Proposed Land Exchange with Stimson Lumber Company and the Colville National Forest
Release Date: Mar 8, 2021
Media Contact: Charles Lassiter firstname.lastname@example.org
Colville, WA (March 8, 2021) – The Colville National Forest and Stimson Lumber Company are pursuing a land exchange involving approximately 90,000 acres. The potential exchange was initiated when Stimson approached the Forest Service with a proposal to consolidate the relatively fragmented landscape of ownership and management in Northeast Washington. Stimson currently owns several thousand acres of inholdings within the proclaimed boundaries of the Colville National Forest, Kaniksu National Forest, and Little Pend Oreille National Wildlife Refuge in Pend Oreille and Stevens County, Washington. The parties developed an agreement to initiate an equal value exchange of approximately 60,000 acres of land currently owned by Stimson for approximately 30,000 acres of lands currently managed by the Colville National Forest. Although the bulk of the lands acquired from the proposed exchange would be on the Colville National Forest, the United States would also acquire inholdings on the Little Pend Oreille National Wildlife Refuge and within the boundaries of lands managed by the Idaho Panhandle National Forest in Washington State.
Over the last couple of months, notices of the exchange proposal were published in local newspapers and sent to permit holders and others who may be potentially impacted by the exchange. “As we seek to ensure this proposal provides the greatest good for the greatest number in the long run, we are pleased by the responses we’re receiving from permit holders, landowners, and the public,” said Forest Supervisor, Rodney Smoldon. “The input indicates broad support and have highlighted specific concerns from permit holders and others who we will work with to mitigate potential impacts.”
Most of Stimson’s acreage involved in this potential land exchange is part of the checkerboard pattern of ownership granted to Burlington Northern Railroad during the railroad land grants of the mid-1800s. The remaining acreage consists of inholdings acquired by Stimson and their predecessors. This fragmented ownership presents several unique management challenges, along with a continuing need to maintain or develop property lines and cooperative agreements between Stimson and adjoining landowners. For these reasons, along with the potential to consolidate timber and land resources, Stimson proposed an exchange with the United States which would mutually benefit the resource management objectives of both parties and provide economic stability to nearby communities that rely on sustainable forest industries.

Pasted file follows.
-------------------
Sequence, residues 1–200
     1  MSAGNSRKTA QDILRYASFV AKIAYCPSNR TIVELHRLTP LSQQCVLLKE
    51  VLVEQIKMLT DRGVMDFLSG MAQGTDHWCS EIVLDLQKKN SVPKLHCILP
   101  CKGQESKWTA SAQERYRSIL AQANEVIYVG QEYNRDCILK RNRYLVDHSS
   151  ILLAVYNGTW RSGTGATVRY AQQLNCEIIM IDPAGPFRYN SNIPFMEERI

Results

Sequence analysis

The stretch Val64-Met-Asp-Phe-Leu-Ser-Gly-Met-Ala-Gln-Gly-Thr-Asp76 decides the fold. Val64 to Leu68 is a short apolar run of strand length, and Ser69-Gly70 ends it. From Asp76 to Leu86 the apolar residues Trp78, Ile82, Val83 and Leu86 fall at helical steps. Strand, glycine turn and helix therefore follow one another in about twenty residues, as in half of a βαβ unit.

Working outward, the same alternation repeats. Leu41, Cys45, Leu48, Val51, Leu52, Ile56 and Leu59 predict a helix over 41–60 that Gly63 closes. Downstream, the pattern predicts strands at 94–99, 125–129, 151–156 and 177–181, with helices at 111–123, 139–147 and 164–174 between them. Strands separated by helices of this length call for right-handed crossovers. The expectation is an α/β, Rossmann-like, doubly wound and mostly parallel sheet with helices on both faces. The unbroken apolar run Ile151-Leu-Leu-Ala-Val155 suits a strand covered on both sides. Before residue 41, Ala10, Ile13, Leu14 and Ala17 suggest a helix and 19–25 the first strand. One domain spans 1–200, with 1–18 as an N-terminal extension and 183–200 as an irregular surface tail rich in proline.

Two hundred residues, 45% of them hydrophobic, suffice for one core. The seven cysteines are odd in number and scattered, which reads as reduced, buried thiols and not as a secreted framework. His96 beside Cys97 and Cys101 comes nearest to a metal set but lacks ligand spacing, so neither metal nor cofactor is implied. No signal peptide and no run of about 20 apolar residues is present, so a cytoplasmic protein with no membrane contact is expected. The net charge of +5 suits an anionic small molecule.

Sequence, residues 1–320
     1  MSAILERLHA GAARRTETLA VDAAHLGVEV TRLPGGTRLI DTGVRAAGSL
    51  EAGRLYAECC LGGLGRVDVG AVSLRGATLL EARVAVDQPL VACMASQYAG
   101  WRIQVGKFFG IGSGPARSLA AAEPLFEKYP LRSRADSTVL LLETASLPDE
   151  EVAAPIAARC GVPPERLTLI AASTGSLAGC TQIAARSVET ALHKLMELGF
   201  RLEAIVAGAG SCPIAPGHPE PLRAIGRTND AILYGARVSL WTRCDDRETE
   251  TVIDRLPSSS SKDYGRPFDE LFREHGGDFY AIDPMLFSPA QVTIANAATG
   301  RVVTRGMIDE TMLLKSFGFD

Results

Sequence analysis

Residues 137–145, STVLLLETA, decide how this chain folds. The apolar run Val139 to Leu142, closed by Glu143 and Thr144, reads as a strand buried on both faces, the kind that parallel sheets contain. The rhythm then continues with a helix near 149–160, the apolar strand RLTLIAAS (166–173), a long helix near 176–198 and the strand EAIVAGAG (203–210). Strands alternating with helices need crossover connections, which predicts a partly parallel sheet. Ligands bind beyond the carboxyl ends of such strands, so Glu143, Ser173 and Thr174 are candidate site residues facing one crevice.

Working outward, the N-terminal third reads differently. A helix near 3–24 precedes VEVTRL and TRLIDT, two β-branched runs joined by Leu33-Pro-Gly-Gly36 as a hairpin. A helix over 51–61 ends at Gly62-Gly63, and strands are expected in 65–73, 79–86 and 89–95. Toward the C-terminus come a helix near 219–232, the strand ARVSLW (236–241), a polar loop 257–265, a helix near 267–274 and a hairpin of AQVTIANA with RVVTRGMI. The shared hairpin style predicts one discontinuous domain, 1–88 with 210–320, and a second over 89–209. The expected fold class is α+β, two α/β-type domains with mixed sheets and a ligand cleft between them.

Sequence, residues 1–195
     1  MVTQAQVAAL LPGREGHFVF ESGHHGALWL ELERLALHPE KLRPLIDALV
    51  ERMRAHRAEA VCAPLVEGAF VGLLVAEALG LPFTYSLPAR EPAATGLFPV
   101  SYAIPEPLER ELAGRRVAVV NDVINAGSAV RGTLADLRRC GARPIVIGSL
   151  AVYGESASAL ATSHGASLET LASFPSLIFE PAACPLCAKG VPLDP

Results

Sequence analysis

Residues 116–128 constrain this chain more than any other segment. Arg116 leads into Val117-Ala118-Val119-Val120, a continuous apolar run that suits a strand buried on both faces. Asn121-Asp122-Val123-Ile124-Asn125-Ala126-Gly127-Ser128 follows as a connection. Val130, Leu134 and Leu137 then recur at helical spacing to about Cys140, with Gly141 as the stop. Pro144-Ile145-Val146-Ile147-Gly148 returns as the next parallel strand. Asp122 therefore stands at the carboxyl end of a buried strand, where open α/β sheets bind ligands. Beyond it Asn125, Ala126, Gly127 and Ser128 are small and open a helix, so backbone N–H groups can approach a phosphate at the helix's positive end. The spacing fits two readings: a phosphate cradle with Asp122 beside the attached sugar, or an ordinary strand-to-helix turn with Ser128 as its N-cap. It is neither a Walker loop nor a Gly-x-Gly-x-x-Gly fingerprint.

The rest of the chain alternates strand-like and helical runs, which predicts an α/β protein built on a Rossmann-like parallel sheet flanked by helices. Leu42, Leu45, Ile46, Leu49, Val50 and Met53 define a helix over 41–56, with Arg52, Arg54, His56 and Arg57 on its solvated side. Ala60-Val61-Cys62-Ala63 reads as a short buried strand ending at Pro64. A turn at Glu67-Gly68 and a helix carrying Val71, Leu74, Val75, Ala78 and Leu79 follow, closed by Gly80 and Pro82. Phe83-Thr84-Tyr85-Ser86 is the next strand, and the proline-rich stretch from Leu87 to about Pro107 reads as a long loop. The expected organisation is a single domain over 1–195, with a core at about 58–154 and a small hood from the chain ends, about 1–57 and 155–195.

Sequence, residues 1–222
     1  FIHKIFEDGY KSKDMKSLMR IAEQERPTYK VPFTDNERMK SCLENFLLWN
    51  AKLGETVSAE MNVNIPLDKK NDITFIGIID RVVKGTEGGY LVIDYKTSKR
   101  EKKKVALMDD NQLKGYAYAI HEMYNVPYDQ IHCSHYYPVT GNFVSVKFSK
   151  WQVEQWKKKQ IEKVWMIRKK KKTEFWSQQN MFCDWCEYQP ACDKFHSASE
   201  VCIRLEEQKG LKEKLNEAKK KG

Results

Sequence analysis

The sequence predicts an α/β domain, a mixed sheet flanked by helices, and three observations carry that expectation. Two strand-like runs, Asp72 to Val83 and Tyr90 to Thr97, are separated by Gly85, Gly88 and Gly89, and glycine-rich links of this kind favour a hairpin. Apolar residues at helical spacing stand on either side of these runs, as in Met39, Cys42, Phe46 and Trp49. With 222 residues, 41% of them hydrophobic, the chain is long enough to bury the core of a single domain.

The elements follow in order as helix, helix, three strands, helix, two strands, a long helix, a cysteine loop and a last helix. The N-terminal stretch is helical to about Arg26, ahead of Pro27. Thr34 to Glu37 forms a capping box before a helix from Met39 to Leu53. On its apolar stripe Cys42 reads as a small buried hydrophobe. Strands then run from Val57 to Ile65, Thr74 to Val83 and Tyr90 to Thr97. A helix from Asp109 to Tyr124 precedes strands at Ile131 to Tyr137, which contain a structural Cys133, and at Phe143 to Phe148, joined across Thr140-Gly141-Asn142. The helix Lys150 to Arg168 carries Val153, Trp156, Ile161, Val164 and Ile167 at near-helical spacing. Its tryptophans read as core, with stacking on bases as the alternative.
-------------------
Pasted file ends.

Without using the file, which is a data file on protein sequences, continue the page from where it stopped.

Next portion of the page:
Lands acquired by the United States through this exchange would include culturally significant properties as well as habitats for important wildlife and fish species. By creating connected and contiguous areas of public land, the exchange could create enhanced opportunities for recreation, forest restoration, management of natural and cultural resources, as well as fire preparedness, suppression, and protection. Consolidated ownership of land would provide better opportunities to manage property boundaries leading to less public confusion. While potentially impacting some recreation uses on the southern end of Colville National Forest, it would also improve user access to substantial portions of the forest. Seamless landscape-level management could also lead to enhanced habitat management in key watersheds and critical habitats for threatened species including Canada lynx, grizzly bear, and bull trout.
The Forest Service is currently developing the land exchange proposal and performing initial review for feasibility. This is the first stage of a lengthy process which could lead to the title transfer of lands. If the Forest Service determines that this exchange is in the public interest and this potential land exchange is approved, we anticipate title transfer to occur in the Summer of 2023. This project will also be analyzed under the National Environmental Policy Act. There will be additional opportunity to formally comment on this project when we initiate scoping later this year.
Information on the land exchange, including a map of the lands involved, is posted under Developing Proposals on the Land and Resource Management/Projects portion of the Colville National Forest website at www.fs.usda.gov/projects/colville/landmanagement/projects. For additional information about the Colville National Forest, please visit our website at www.fs.usda.gov/colville. For the most current updates about the Colville National Forest, please follow us on Facebook at www.facebook.com/colvillenf/ and Twitter at www.twitter.com/Colville_NF.
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